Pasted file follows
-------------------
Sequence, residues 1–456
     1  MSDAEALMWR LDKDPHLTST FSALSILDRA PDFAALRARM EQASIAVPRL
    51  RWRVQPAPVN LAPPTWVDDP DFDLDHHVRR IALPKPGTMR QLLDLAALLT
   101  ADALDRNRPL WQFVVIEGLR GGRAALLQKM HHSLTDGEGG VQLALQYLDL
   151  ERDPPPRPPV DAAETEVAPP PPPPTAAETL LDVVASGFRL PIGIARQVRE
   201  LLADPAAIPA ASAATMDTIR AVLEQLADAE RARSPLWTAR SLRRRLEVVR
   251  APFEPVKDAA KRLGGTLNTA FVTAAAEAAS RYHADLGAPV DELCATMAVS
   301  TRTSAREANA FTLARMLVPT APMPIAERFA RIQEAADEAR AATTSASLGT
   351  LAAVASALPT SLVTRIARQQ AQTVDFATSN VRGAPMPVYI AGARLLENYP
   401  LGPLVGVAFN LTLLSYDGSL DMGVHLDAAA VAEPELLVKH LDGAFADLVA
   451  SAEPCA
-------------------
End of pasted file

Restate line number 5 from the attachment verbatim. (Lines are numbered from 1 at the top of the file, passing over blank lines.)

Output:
   151  ERDPPPRPPV DAAETEVAPP PPPPTAAETL LDVVASGFRL PIGIARQVRE